Crete is Greece’s largest island and defines the southern border of the Aegean Sea. Humans have inhabited the island for 130,000 years – Crete was the center of the Bronze Age Minoan civilization, considered to be Europe’s first. Today, Crete offers visitors fascinating ruins, wild landscapes and delicious food to enjoy. Your virtual tour begins here!
In order to truly understand the captivating island of Crete, we must begin with a broader overview of the history of Ancient Greece. Luckily for us, a 24-part lecture series from Donald Kagan, Yale professor and one of the great living historians of Ancient Greece, is available for free online. In his first lecture – 33 minutes long and aimed at undergraduates deciding whether to take his course – Kagan asks, “Why are you here? Why should we want to study the ancient Greeks?” Kagan traces much of what is great about Western civilization to the Greeks, and ultimately answers his own question by saying that Greece was the first civilization to understand – and value – human potential. Humans are potent and important, yet fallible and mortal. They have the freedom to choose and act, yet are bound by their own nature. He makes a strong case for why it’s important to study the history of Ancient Greece, and I recommend that you watch at least the first lecture. (The link above will take you to a website called Open Culture, one of the best portals to free learning on the Internet!)
Professor Kagan’s lectures are fascinating, but definitely more of the old school, stand-in-front-of-the-class-and-talk variety. For a gorgeous visual introduction to Crete, check out “The Minotaur’s Island” – a 48-minute documentary about Crete and Minoan civilization, narrated by British historian Bettany Hughes.
With this solid foundation, let’s dive deeper into Cretan land and history. This enormous island is 160 miles long and 60 miles wide. A mountain range runs down its center with its tallest peak, Timios Stavros, surpassing 8,000 feet. Here’s a view from the top of Mount Ida; you can also look inside the small chapel there. The long alluvial valley running east to west on Crete’s southern side was where farming began on the island in the Neolithic Age, and Crete still manufactures and exports olive oil, wine and other agricultural products. This Google street view drops you into the middle of an olive grove and gives you a feel for the dry, stark beauty of the place. Spot the mountains to the north – then rotate your view, or take your own trip down the road in either direction.
Minoan civilization flowered on Crete from 2700 to 1400 B.C., and featured impressive palaces with indoor plumbing, beautiful artwork and a writing system called “Linear A” that still hasn’t been deciphered. Its most impressive and significant archeological ruin is the Palace of Knossos in Heraklion on the island’s north side, where it could command an extensive trade network spanning the Aegean Sea. The civilization is named for King Minos, who commissioned his architect Daedalus to design and build a labyrinth to hold the half-man, half-beast, Minotaur. Minos imprisoned Daedalus in his own labyrinth; he and his son Icarus escaped by making wings of wax and feathers – you know Icarus’s sad fate.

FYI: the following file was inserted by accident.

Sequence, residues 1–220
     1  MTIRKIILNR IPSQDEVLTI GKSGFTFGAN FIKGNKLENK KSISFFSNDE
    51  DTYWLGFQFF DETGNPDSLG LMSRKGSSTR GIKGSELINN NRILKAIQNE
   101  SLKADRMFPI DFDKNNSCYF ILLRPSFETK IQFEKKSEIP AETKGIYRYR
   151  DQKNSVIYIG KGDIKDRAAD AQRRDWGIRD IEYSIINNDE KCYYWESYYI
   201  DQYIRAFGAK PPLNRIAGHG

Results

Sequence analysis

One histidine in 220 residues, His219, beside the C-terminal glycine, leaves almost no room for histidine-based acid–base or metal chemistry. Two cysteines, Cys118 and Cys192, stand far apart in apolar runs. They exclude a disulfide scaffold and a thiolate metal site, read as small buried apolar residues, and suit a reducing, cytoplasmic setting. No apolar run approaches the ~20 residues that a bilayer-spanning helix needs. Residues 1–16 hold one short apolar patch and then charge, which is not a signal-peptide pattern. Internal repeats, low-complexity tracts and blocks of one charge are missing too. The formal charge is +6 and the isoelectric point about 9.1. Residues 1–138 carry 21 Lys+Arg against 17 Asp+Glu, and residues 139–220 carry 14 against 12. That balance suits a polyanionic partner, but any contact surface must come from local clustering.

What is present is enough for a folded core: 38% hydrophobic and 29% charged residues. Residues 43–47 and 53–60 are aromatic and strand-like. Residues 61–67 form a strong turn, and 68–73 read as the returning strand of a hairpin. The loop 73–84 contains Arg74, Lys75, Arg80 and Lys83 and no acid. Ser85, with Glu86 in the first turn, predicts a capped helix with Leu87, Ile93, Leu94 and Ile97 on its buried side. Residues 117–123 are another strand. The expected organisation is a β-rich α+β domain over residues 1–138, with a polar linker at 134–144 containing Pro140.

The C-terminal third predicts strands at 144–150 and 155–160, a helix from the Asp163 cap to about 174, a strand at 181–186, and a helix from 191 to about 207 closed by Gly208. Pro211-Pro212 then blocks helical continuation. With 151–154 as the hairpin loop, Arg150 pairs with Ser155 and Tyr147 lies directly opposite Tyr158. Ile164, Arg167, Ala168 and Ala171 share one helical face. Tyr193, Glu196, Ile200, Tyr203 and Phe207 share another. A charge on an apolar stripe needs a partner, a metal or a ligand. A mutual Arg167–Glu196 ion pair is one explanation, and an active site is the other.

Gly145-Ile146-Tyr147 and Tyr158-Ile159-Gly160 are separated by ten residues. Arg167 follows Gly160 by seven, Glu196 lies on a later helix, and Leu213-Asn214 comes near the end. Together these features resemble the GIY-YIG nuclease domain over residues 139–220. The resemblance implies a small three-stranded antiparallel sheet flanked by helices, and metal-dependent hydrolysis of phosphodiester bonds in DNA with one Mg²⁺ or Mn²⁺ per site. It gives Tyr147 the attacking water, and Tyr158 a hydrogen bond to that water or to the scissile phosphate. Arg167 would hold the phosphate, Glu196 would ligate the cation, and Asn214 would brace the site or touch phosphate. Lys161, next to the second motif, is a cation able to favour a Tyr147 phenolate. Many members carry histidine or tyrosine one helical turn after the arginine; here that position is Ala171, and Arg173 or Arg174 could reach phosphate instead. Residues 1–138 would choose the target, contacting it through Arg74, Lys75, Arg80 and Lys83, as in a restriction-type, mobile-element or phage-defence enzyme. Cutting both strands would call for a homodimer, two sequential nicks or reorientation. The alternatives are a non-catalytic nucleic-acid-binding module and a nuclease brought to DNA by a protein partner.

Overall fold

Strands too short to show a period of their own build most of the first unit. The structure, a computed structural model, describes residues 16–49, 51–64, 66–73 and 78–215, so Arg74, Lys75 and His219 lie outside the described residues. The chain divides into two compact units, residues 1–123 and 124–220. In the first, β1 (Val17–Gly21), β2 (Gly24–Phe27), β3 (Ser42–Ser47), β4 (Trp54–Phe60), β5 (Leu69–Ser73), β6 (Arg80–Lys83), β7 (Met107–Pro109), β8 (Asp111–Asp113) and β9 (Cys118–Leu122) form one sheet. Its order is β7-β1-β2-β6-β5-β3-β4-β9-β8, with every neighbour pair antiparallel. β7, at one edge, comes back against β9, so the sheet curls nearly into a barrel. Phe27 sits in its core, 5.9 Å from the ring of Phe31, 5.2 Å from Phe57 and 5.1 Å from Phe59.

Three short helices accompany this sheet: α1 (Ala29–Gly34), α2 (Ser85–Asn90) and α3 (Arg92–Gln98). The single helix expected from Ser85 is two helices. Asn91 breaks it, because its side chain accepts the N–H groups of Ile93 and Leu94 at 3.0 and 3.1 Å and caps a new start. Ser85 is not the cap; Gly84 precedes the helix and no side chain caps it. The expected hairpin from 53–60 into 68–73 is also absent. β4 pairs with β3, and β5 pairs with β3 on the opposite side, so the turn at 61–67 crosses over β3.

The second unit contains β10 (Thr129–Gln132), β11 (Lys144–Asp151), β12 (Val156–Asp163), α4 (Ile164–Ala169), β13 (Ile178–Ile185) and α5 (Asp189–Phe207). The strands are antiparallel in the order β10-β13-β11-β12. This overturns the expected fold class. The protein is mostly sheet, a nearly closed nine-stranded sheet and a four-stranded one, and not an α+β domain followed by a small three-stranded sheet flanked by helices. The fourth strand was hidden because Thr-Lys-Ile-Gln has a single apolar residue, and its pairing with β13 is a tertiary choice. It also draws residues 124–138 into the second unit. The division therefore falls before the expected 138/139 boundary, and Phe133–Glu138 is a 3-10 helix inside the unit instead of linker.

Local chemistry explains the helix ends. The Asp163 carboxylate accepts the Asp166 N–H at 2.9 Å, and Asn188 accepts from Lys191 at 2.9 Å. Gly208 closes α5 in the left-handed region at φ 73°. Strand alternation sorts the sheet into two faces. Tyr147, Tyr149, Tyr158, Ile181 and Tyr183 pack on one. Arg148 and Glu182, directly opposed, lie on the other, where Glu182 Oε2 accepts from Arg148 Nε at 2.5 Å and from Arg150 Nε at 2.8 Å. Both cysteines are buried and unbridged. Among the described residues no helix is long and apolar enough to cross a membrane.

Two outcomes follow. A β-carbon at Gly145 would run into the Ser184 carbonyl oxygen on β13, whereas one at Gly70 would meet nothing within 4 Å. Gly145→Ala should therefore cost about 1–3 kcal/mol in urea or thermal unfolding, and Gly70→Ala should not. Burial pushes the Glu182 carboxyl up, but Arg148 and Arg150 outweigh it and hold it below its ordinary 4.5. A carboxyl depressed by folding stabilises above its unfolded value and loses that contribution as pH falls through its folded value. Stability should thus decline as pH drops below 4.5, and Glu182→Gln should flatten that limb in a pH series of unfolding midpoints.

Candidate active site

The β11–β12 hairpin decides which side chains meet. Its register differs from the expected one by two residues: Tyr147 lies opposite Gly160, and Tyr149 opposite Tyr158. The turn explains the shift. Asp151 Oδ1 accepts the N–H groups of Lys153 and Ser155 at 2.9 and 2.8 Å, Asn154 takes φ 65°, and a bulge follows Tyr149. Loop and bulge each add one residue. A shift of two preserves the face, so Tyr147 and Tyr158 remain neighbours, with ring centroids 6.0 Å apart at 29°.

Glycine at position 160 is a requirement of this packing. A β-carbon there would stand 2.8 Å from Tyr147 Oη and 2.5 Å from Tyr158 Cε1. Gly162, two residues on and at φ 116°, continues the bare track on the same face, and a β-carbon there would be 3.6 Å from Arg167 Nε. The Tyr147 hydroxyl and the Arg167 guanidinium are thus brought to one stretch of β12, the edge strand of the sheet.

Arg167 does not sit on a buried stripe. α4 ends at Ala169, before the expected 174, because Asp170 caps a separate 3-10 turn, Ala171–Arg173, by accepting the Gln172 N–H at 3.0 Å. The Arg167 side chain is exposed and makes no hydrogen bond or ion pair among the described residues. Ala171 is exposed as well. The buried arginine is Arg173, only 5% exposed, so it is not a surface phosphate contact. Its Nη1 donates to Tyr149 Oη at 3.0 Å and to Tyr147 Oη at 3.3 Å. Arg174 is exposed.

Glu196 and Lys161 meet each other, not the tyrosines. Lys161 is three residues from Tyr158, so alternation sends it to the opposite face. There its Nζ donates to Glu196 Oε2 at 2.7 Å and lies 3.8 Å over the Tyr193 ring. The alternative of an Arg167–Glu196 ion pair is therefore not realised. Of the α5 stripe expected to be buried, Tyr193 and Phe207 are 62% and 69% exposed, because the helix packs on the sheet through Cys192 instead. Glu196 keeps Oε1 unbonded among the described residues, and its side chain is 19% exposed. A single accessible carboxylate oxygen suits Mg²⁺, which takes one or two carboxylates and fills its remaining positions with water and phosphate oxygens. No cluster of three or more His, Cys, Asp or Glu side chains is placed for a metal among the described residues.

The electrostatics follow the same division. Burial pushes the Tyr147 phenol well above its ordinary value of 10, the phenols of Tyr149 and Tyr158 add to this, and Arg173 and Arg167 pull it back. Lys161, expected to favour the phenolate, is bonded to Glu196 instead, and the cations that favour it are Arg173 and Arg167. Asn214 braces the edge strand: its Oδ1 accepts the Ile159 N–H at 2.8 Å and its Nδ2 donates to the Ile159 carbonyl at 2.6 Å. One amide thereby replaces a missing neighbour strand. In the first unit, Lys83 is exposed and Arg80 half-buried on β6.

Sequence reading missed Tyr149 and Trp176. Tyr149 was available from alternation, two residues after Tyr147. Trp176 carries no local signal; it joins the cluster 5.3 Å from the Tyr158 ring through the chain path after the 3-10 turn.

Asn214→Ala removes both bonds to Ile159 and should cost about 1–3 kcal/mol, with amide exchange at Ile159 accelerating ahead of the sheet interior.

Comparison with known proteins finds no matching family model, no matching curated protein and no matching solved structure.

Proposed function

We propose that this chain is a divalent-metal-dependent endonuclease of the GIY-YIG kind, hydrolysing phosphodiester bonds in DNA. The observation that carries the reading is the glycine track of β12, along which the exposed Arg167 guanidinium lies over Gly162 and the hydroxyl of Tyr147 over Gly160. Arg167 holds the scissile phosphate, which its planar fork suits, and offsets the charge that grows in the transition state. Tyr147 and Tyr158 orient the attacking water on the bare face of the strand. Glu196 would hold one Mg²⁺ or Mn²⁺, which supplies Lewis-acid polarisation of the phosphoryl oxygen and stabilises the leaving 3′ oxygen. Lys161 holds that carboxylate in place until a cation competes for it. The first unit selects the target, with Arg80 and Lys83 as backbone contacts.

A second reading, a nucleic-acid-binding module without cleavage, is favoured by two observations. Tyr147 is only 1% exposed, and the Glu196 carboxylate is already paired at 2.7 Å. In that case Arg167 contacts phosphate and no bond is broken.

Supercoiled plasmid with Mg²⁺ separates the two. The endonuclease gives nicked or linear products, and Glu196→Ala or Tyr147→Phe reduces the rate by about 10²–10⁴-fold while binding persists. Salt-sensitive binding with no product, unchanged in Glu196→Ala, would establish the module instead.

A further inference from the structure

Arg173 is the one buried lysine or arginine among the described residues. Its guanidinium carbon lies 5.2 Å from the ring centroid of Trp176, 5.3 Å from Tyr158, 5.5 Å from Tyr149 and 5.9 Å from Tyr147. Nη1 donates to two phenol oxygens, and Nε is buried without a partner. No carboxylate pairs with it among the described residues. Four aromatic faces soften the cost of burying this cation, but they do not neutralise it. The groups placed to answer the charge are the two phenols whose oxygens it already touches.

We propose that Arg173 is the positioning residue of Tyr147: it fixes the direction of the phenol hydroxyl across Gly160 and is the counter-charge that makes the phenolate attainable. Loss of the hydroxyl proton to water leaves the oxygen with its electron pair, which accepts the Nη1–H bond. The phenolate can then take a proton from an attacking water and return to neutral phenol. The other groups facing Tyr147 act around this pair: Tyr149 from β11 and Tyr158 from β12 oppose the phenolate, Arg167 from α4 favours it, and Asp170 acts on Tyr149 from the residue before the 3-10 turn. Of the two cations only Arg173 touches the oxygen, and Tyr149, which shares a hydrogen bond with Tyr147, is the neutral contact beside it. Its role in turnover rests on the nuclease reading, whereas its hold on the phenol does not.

This website blends clear text and short videos to give a splendid overview of the Palace of Knossos – not quite a virtual tour perhaps, but full of rich content and images nonetheless. The prominent depiction of powerful women in Minoan art found at Knossos has led some scholars to believe Minoan society was a matriarchy.
Not sold on the idea that civilization means progress? “Against the Grain: A Deep History of the Earliest States” presents an alternative narrative, and it’s one of the most thought-provoking books I’ve ever read. Read the entire book, or get the main idea from this Wikipedia summary.
It has required every bit of my self-restraint to wait until now to talk about my favorite subject … food! If you follow the Mediterranean Diet, Crete is the place for you. Tag along with two young Canadians, Anna and Trevor, as they sample six dishes you must try in Crete in this this 15-minute video – including zucchini flowers stuffed with rice and herbs, salad on barley rusks and honey-and-cinnamon infused custard in a phyllo crust. Trevor and Anna aren’t experts – what they call sour cream is surely yogurt – but they make up for it in enthusiasm and a willingness to try new things. Yum!
After all that food, you may be ready to nap or lie on your hammock and read about future travels to distant isles. Try this pairing: a great novel and a great travelogue – “Zorba the Greek” by Nikos Kazantzakis, and “Colossus of Maroussi” by Henry Miller. Both books are set in or make a stop in Crete. One of my favorite quotes from Miller’s book: “I have always felt that the art of telling a story consists in so stimulating the listener’s imagination that he drowns himself in his own reveries before the end.” We hope this virtual tour of Crete has stimulated your imagination, too!
For many years, Crete and its neighboring islands have captured and delighted the senses of Road Scholars from all over the world. We hope to see you on a learning adventure in Greece soon!
About the Author Peter Spiers is the Senior Vice President of Strategic Outreach at Road Scholar. He is the author of “Master Class: Living Longer, Strong, and Happier,” recently selected by The Washington Post as one of the best books to read at every age, 1 to 100 (Peter’s book was selected for age 70). Spiers holds a bachelor's degree from Harvard University, an MBA from the Tuck School of Business at Dartmouth College and a master of science from the London School of Economics and Political Science.
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